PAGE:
Given the complexity of these ideas (and their associated very scary mathematics), it is natural to wonder whether the brane-eyed model really provides a deep understanding of the nature of our universe.
I am not qualified to answer this - I barely know anything more about string theory other than what has made it into the popular media. To try to understand string theory enough to understand the brane view of the universe may be possible for me, but not without an extraordinary amount of time and effort.
Because of this lack of understanding on my part, and even though I should know better, I tend to think of all of this brane stuff and hyper-dimensional space as mathematical constructs first - cherished for their mathematically beauty. i.e. I am skeptical about the brane-view of the universe because of my inadequate background in string theory.
This is unfair, I know. But isn’t this what happens with most scientific models and theories that are publicized in some way? It’s not surprising that there are many skeptics - and it’s not really because scientists are not trusted as much as they used to be. Instead, it’s because the skeptics don’t have the background and conceptual framework needed to understand where the understanding comes from.
In short, there can be no understanding of the nature of physical reality without an understanding of how models generate this understanding.
This reflection raises an interesting question, then: if a model is only understandable to a very few, how can it ever have a chance of becoming accepted scientific fact, law, or worldview? I am on dangerous ground here, uncomfortably close to implying that theories are more socially constructed than they are the true facts about the universe.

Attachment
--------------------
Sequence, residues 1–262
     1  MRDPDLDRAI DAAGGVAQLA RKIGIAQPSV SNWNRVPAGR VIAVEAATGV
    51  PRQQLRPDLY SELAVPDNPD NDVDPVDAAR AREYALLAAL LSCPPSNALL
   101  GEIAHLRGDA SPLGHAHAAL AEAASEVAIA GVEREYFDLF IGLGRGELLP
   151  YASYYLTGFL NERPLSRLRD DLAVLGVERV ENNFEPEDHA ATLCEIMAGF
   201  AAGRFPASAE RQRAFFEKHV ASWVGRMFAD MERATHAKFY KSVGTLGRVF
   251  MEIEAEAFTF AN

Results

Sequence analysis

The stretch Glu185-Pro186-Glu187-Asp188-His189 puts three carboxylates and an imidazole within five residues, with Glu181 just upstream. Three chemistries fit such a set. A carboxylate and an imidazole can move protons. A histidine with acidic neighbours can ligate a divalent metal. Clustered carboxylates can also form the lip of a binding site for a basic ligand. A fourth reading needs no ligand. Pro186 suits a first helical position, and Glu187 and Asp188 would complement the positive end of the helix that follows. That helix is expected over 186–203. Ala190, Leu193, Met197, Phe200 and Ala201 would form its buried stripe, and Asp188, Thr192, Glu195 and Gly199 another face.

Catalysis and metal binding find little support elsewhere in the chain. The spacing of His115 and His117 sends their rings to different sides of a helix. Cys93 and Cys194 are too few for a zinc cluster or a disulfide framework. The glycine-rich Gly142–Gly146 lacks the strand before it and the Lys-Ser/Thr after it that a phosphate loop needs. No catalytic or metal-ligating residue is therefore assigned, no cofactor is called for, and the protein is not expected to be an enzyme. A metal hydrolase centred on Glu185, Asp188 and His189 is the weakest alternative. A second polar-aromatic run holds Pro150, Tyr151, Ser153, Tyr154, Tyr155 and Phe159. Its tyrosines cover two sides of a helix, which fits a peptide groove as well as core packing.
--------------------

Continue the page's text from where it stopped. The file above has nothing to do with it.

I don’t see anyway out of this argument though - without a society of "understanders", a theory or model is bankrupt.
Brane or no-brane, I can’t get outside of Plato’s Cave on this one, so I’ll remain in my select corner of the universe, glad that whatever accounts for gravity in my neck of the woods is still working in all dimensions.
For more info on the dimensionality question and LLG, check out Why do we live in 3+1 dimensions?, a summary + set of links describing these wild ideas on the Backreaction blog of Sabine Hossenfelder and Stefan Scherer, theoretical physicists and also wife and husband Their blog, described as Events on the world lines of two theoretical physicists, from the horizon to timelike infinity. A scientifically minded blog with varying amounts of entertainment, distractions, and every day trivialities, is definitely worth a deeper investigation than just this article.
And how does all this connect with art and artists? You’ll just have to check out the ICA show.